How to Incorporate a Ministry in Texas

By Wayne Thomas

Donations often serve a vital role in ensuring the survival of a ministry. While it is not uncommon for these religious institutions to be supported by an affiliated church, the ability to solicit and receive funds directly from donors may prove desirable to members of your ministry. However, in order to achieve true financial independence, the ministry must first organize as a nonprofit under the Texas incorporation statute.

Overview of Nonprofit Corporations

Churches are typically created with a goal of promoting the welfare of members and the general public. For this reason, your ministry probably does not meet the typical characteristics of a for-profit business, and instead may more closely resemble a nonprofit. Under Texas law, organizations devoted to a religious purpose may register as a nonprofit corporation by following the state rules applicable to all nonprofits. The major incentives to being structured this way are increased access to grants, as well as the ability to pursue preferential state and federal tax treatment, which can be beneficial to both the ministry and potential donors.

Initial Filings

To incorporate your ministry in Texas, you must follow state law. The process is initiated by filing a Certificate of Formation with the Secretary of State, and paying a filing fee. The form requires you to provide a name for the corporation, which must be unique and not deceptively similar to any other business operating in the state. You must also include the name and address of the person appointed to serve as your registered agent. This person will be in charge of receiving all future correspondence from the state. The form also requires you to specify whether your corporation will be member managed or operated by a board of directors. If governed by a board of directors, you must have a minimum of three directors listed on the form.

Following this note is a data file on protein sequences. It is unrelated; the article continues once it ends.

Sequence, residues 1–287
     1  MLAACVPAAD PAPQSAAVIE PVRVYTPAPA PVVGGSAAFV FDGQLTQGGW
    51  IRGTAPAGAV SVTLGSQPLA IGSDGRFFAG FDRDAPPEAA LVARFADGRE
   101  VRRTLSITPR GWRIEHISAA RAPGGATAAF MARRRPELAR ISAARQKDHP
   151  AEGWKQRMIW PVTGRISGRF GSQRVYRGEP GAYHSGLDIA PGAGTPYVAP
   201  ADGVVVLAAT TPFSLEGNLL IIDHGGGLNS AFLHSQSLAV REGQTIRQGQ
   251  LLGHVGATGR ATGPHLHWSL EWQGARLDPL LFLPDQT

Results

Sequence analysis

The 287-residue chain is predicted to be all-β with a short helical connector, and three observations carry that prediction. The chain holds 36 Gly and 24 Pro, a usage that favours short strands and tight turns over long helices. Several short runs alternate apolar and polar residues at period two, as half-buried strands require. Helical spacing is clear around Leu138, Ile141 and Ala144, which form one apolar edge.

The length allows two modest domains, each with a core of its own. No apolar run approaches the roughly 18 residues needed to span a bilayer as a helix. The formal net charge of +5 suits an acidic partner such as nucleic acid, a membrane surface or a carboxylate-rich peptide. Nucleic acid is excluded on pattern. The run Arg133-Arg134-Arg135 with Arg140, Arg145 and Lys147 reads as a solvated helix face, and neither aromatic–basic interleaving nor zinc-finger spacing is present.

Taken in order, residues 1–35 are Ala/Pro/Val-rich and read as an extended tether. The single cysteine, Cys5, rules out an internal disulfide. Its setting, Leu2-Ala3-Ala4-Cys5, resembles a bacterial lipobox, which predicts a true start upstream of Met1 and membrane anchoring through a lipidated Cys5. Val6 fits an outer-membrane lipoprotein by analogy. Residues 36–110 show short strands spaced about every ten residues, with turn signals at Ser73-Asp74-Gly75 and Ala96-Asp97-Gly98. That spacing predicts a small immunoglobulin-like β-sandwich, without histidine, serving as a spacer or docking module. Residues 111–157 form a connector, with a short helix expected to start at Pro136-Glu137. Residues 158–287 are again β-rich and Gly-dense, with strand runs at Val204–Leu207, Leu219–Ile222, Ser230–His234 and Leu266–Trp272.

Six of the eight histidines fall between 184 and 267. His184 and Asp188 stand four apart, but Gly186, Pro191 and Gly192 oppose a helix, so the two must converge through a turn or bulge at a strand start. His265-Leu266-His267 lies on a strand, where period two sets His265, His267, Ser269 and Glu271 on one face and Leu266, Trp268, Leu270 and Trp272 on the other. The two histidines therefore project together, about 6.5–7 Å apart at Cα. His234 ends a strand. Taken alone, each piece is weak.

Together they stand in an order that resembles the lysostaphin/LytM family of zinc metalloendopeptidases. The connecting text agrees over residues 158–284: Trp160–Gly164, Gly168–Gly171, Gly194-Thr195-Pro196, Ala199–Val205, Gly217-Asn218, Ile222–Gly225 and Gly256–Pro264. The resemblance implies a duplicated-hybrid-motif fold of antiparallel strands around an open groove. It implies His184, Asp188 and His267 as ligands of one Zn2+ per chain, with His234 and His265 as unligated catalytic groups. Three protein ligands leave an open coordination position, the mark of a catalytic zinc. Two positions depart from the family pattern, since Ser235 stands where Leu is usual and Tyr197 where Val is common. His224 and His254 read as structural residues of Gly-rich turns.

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Subsequent Action

Once the Secretary has approved your request to incorporate, the corporation must adopt its bylaws at the first meeting of the members or board. The bylaws set out the corporate rules, including how meetings are scheduled, the size and procedure for elections to the board, and how grant money will be distributed. If there is any property previously owned by the ministry, it must be transferred and retitled in the name of the new corporation. You may also file a request with the state comptroller's office to be exempt from sales and franchise tax at this time.

Federal Exemption

In addition to receiving the available state tax exemptions, your ministry may qualify as an exempt entity at the federal level. This is known as 501(c)(3) status, and means that your ministry is not responsible for paying federal income taxes on qualified donations received. Further, exempt status also provides donors with the ability to deduct amounts they donated to you from their federal tax returns. To obtain the exemption, you must file and complete Form 1023 and return it to the Internal Revenue Service along with a filing fee.

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What Is a 501C Non Profit?

References

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Conflict of Interest Policy for 501(c)(3)

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New York State Not-for-Profit Corporation Laws

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